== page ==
• In acknowledging Israel’s sovereignty in Jerusalem, the 2018 proclamation irrevocably altered this situation and rendered the existence of an independent U.S. consulate in Jerusalem serving the Palestinian administration and population of the territories as redundant and incompatible with U.S. official policy.
The American Consulate in the Old City of Jerusalem
A drawing of the American consulate in Jerusalem opposite David’s Tower, 1857 (Ottoman Empire Archives)

International Law Requires the Consent of the Sovereign to Open a Consulate on Its Territory

  • With the 2018 recognition of Jerusalem as Israel’s capital, the mutually accepted consular relationship between Israel and the United States is based on the 1963 Vienna Convention of Consular Relations, to which both Israel and the United States are parties.
  • Article 4 of this convention determines that consular posts or any other offices forming part of a consular post may only be established in the territory of the receiving state with that state’s consent. Similarly, articles 7 and 8 of the convention require that the exercise of consular functions vis-à-vis or on behalf of another state requires specific approval.
  • Opening a U.S. consulate in Jerusalem to serve the Palestinians, without Israel’s prior consent and sanction, would be a flagrant breach of Article 4 of the 1963 Vienna Convention on Consular Relations.

U.S. and Palestinian Commitments Pursuant to the 1995 Israel-PLO Interim Agreement (Oslo 2)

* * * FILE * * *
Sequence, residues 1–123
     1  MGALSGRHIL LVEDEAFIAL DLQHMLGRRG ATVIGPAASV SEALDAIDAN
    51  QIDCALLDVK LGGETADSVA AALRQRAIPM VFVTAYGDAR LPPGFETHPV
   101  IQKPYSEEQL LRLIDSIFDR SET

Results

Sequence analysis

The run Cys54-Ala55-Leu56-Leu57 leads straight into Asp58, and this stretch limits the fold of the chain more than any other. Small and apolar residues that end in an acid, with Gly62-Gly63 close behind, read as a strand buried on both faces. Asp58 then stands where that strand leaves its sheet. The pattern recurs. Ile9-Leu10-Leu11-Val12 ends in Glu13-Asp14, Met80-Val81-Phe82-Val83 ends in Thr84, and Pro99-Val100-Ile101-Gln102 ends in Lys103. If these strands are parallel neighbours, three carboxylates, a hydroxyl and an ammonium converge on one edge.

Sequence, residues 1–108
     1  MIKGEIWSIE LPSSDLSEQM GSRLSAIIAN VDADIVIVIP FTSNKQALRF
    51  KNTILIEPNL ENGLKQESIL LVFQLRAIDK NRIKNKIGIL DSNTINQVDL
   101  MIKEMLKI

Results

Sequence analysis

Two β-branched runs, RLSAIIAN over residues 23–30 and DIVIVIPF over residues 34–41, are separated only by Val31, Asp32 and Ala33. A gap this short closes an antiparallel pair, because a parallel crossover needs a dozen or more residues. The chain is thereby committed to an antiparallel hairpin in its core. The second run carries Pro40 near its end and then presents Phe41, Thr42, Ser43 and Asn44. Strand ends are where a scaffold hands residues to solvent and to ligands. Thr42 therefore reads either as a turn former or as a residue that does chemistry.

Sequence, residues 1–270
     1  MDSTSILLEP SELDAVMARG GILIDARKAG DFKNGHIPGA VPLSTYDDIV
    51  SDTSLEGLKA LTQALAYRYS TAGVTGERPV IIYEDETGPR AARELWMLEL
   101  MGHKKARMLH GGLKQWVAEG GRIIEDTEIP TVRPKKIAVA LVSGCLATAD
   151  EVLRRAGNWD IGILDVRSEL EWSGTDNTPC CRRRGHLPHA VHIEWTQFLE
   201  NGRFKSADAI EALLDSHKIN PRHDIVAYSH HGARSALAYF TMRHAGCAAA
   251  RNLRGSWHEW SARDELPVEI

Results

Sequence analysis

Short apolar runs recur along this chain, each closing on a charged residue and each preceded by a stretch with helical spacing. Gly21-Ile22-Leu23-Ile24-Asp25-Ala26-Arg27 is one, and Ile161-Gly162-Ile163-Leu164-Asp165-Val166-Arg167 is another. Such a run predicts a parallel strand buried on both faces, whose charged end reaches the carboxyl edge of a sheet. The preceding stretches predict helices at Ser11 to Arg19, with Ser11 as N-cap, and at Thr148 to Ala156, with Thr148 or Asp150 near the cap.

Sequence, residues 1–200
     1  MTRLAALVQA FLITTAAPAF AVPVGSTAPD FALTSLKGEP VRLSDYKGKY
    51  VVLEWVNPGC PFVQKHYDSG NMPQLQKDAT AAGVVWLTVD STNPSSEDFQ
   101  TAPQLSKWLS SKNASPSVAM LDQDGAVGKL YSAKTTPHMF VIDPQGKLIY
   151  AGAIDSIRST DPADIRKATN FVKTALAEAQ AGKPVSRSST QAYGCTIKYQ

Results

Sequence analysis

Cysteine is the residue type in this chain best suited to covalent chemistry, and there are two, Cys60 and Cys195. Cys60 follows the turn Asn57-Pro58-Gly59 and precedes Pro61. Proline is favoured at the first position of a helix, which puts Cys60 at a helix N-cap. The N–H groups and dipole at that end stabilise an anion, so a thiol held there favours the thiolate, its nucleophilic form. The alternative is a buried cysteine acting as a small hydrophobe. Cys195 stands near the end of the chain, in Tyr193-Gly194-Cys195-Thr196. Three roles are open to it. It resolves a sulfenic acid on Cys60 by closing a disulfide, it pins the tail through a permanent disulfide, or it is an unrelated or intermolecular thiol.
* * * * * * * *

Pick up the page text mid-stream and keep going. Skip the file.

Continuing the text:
• The United States is one of the signatories as a witness to the 1993-5 Oslo Accords between Israel and the PLO.
  • In Article IX (5) of the 1995 Israel-PLO Interim Agreement (Oslo 2), the parties agreed that the Palestinian Authority established by the agreement to administer the areas under its control will not have powers and responsibilities in the sphere of foreign relations. This includes permitting the establishment of foreign missions in the West Bank or the Gaza Strip, the appointment of or admission of diplomatic and consular staff, and the exercise of diplomatic functions.
  • The same article of the agreement provides for the possible establishment of “representative offices” by foreign states in the area under the control of the Palestinian Authority as a means of furthering economic, cultural, and implementation of other agreements for the benefit of the Palestinian Authority.
  • Reopening a U.S. consulate in Jerusalem to serve the Palestinian Authority and its population would be totally incompatible with the Oslo Accords and would constitute an undermining of U.S. status as a witness to the accords.
  • Opening by the United States of such a representative office in Ramallah, Gaza or, anywhere else in the territories under Palestinian governance would be in accordance with the peace process documentation agreed to by Israel and the Palestinians and supported by the United States and others and would not require Israel’s consent, inasmuch as Israeli law is not applied in those areas.

Only in this manner could the United States establish a mission to provide services to the Palestinian Authority and its population that would be compatible with U.S. policy, with American international law commitments, and that would not undermine U.S. commitments and proclamations.